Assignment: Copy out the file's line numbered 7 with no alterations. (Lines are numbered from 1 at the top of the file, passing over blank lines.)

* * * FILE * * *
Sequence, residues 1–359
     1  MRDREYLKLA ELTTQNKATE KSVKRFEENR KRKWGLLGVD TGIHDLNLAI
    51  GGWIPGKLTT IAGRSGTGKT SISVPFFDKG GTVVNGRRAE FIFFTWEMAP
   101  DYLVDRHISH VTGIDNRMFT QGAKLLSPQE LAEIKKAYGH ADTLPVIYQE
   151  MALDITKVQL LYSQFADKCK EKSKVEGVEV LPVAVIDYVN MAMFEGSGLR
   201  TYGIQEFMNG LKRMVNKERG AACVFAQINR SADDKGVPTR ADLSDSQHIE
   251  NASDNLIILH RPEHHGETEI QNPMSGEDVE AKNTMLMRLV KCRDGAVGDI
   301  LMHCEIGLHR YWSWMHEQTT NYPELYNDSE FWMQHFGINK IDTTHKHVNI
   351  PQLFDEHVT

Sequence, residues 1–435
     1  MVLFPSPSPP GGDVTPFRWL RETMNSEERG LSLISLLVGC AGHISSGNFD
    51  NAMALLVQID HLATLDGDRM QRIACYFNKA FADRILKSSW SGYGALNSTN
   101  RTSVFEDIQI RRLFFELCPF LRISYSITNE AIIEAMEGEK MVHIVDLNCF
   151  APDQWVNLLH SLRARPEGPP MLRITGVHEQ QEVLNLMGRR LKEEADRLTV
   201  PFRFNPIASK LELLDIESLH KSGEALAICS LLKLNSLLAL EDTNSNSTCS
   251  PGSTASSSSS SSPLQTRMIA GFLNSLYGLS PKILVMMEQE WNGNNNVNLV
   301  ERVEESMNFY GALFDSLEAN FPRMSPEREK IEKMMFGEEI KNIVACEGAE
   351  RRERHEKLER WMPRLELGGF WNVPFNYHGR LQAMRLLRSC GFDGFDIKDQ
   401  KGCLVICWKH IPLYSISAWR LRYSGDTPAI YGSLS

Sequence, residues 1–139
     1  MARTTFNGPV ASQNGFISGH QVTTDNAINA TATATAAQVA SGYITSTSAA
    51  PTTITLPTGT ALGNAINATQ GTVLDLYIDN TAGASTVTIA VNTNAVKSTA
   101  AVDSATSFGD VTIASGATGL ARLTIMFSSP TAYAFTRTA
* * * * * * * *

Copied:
   251  NASDNLIILH RPEHHGETEI QNPMSGEDVE AKNTMLMRLV KCRDGAVGDI